By David French
DUBAI (Reuters) - Dubai Group has signed a $10 billion debt restructuring deal, two sources with knowledge of the matter told Reuters, marking the end of a perilous period which saw the emirate risk collapse under a mountain of debt obligations.
The unit of Dubai Holding
But as credit markets dried up following the global financial crisis and a local real estate bubble burst, they found themselves unable to manage their obligations and were forced to renegotiate tens of billions of dollars of debt.
Dubai Group finally brought an end to more than three years of negotiations about its debt pile when it signed the restructuring deal on Wednesday, the sources said, speaking on condition of anonymity as the information is not public.
Its lenders, which include France's Natixis
"It's not perfect but it's a major milestone for both the emirate and the banks who were exposed to the Dubai government-related entities," said one of the sources at a creditor bank.
Dubai Group declined to comment.
Concluding a deal would allow Dubai to put behind it a period which led to a $20 billion bailout from Abu Dhabi and questions over the city-state's economic viability, with the focus now on advancing the economy and generating the revenues to meet revised debt schedules and fund new mega-projects.
Dubai Group had been in negotiations with creditors since late 2010 after it missed payments on two debt facilities, with talks going on long after many state-linked entities had concluded their own restructurings.
The process to get an agreement has been hit by various delays as dozens of lenders and Dubai Group jostled to secure their own interests in the deal.
This included an attempt to seek remedy through the courts - a rare occurrence in the Gulf - which resulted in some lenders, including Royal Bank of Scotland
Much of the uncertainty was due to insolvency regulations in the United Arab Emirates being untested and complex, meaning all involved had no framework to structure their negotiations.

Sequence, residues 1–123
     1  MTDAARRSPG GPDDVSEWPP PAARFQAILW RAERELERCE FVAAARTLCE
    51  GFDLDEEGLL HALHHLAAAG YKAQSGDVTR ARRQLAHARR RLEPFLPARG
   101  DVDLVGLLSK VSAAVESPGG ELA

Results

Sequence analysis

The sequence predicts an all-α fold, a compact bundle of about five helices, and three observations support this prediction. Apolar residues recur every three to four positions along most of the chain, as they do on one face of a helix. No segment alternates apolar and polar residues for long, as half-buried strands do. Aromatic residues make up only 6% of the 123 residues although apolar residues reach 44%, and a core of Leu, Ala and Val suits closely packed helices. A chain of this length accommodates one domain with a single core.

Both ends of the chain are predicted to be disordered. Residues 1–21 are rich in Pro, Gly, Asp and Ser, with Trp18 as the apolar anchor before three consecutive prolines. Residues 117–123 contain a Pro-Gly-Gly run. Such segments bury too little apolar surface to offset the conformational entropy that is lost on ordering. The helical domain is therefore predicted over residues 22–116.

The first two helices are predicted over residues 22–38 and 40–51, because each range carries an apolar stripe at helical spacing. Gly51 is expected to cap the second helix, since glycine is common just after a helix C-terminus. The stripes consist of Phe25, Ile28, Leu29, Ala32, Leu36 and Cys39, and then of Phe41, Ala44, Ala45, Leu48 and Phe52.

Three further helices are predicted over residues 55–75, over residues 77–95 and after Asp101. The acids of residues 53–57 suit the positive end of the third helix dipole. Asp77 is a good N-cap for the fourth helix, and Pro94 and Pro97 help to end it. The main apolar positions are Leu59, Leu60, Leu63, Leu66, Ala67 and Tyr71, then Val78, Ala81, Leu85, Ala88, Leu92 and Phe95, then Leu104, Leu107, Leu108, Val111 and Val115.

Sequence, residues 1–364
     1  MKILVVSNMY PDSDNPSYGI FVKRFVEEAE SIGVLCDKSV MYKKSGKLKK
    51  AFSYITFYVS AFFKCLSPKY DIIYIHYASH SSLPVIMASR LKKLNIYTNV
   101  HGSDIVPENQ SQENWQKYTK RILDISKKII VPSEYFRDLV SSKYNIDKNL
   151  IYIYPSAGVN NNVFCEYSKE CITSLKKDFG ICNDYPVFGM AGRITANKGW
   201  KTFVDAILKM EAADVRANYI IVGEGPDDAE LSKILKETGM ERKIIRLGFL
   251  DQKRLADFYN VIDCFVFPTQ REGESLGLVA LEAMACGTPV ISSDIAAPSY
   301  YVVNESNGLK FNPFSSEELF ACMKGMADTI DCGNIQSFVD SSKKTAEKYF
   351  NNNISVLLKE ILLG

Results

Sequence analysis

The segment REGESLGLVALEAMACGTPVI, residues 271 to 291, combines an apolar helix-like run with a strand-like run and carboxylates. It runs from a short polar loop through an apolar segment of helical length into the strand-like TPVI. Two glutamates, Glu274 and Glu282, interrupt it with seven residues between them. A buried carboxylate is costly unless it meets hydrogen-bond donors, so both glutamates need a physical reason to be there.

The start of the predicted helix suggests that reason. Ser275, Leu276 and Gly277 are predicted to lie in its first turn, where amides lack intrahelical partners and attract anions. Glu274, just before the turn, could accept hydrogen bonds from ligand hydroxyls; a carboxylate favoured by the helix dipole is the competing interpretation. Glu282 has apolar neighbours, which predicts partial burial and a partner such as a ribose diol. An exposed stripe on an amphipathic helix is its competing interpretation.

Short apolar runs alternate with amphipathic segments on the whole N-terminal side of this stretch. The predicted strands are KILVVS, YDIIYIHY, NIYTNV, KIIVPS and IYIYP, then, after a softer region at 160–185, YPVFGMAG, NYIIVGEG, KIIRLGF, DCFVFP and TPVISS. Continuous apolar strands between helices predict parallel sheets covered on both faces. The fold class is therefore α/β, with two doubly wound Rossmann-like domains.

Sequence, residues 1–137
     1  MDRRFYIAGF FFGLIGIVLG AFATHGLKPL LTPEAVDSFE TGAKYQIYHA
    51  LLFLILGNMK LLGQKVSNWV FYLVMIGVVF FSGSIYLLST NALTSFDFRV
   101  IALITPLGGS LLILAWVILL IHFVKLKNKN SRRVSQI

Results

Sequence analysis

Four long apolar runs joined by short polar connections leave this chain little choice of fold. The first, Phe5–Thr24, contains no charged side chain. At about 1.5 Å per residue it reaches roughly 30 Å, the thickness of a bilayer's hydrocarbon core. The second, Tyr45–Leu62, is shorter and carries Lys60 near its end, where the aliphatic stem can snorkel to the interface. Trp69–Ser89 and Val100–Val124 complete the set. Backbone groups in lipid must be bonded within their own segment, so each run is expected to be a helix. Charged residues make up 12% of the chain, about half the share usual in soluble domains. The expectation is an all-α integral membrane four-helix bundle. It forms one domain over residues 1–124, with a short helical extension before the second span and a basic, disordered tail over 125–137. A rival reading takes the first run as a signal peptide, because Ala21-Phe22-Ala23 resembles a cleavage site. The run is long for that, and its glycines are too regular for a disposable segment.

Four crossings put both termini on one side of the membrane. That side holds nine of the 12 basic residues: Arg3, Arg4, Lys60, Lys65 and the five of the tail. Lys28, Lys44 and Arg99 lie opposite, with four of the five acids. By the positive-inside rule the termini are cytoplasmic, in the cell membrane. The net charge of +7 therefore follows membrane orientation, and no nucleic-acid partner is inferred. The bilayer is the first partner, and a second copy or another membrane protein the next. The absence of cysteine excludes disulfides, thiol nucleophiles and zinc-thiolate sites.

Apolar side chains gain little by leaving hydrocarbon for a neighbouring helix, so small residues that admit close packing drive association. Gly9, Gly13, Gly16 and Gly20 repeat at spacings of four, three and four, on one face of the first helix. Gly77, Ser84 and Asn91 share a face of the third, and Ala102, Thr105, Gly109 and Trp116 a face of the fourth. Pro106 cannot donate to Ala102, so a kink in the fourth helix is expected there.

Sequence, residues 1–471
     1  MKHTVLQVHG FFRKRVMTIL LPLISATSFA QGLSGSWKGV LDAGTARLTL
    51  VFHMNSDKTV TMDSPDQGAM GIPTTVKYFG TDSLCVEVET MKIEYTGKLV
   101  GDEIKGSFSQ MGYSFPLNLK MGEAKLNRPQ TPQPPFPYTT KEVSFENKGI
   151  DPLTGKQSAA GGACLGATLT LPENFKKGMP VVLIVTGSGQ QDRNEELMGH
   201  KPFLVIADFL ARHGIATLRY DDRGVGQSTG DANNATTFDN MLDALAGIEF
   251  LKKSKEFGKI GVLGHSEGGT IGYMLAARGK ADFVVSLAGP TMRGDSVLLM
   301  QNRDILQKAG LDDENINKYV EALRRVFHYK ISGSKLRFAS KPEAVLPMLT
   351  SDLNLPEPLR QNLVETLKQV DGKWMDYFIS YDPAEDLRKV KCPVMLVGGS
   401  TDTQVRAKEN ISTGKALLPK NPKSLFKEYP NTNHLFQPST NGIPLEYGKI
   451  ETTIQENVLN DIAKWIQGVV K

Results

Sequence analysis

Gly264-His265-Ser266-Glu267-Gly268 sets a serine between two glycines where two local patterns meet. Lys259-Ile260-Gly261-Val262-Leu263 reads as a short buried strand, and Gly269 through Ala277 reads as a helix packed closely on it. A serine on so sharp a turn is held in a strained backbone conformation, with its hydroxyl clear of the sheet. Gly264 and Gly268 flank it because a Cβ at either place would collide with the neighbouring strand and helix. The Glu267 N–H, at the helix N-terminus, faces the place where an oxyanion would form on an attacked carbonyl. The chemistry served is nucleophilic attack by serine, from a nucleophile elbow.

Dubai Group was still dealing with its debt problems long after the emirate began rebounding from the 2009 crisis, with property prices in 2013 among the fastest-growing in the world and the value of the stock market doubling during the course of the year.
The local economic pick-up has helped asset values to recover, allaying some of the fears over whether prices could ever rebound enough to fully repay lenders. During the negotiating period, Dubai Group's holdings in Kuwait's Global Investment House and Cyprus Popular Bank were decimated by their own restructurings, for example.
The final deal involves creditors extending maturities for up to 12 years, with the length of time dependent on the level of security against specific debts, so Dubai Group's assets can recover in value before being sold to meet its obligations.
Asset sales have already taken place in 2013, such as offloading credit card firm Dubai First and its stake in Oman National Investment Corp Holding
The sale of the group's 30.5 percent stake in Malaysia's Bank Islam for $550 million raised enough cash to repay one group of creditors and provided more than $200 million to service interest payments in coming years.
Those involved in the restructuring are hopeful lessons have been learned following the drawn-out process, said the source at the creditor bank.
"They won't dare default again as they won't want to go through that (process) again, especially with the Expo coming up," said the source, referring to Dubai hosting the World Expo trade convention in 2020.
(Editing by Dinesh Nair and Pravin Char)